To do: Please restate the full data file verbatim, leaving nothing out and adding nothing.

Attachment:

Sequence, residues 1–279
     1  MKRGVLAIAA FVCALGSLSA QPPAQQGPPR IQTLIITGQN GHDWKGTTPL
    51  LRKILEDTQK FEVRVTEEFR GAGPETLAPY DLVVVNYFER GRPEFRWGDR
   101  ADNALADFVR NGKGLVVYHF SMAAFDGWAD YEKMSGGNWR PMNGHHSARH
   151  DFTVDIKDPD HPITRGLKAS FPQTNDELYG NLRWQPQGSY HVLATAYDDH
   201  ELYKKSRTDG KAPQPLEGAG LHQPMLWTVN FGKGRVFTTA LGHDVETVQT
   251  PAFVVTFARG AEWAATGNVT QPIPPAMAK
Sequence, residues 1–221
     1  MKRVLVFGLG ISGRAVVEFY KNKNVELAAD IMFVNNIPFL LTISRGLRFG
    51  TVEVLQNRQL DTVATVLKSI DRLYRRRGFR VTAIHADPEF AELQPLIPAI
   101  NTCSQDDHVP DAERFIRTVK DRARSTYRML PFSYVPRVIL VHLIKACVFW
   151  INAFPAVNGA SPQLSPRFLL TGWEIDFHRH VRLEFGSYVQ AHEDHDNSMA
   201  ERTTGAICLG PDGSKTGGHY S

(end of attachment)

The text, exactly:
Sequence, residues 1–279
     1  MKRGVLAIAA FVCALGSLSA QPPAQQGPPR IQTLIITGQN GHDWKGTTPL
    51  LRKILEDTQK FEVRVTEEFR GAGPETLAPY DLVVVNYFER GRPEFRWGDR
   101  ADNALADFVR NGKGLVVYHF SMAAFDGWAD YEKMSGGNWR PMNGHHSARH
   151  DFTVDIKDPD HPITRGLKAS FPQTNDELYG NLRWQPQGSY HVLATAYDDH
   201  ELYKKSRTDG KAPQPLEGAG LHQPMLWTVN FGKGRVFTTA LGHDVETVQT
   251  PAFVVTFARG AEWAATGNVT QPIPPAMAK
Sequence, residues 1–221
     1  MKRVLVFGLG ISGRAVVEFY KNKNVELAAD IMFVNNIPFL LTISRGLRFG
    51  TVEVLQNRQL DTVATVLKSI DRLYRRRGFR VTAIHADPEF AELQPLIPAI
   101  NTCSQDDHVP DAERFIRTVK DRARSTYRML PFSYVPRVIL VHLIKACVFW
   151  INAFPAVNGA SPQLSPRFLL TGWEIDFHRH VRLEFGSYVQ AHEDHDNSMA
   201  ERTTGAICLG PDGSKTGGHY S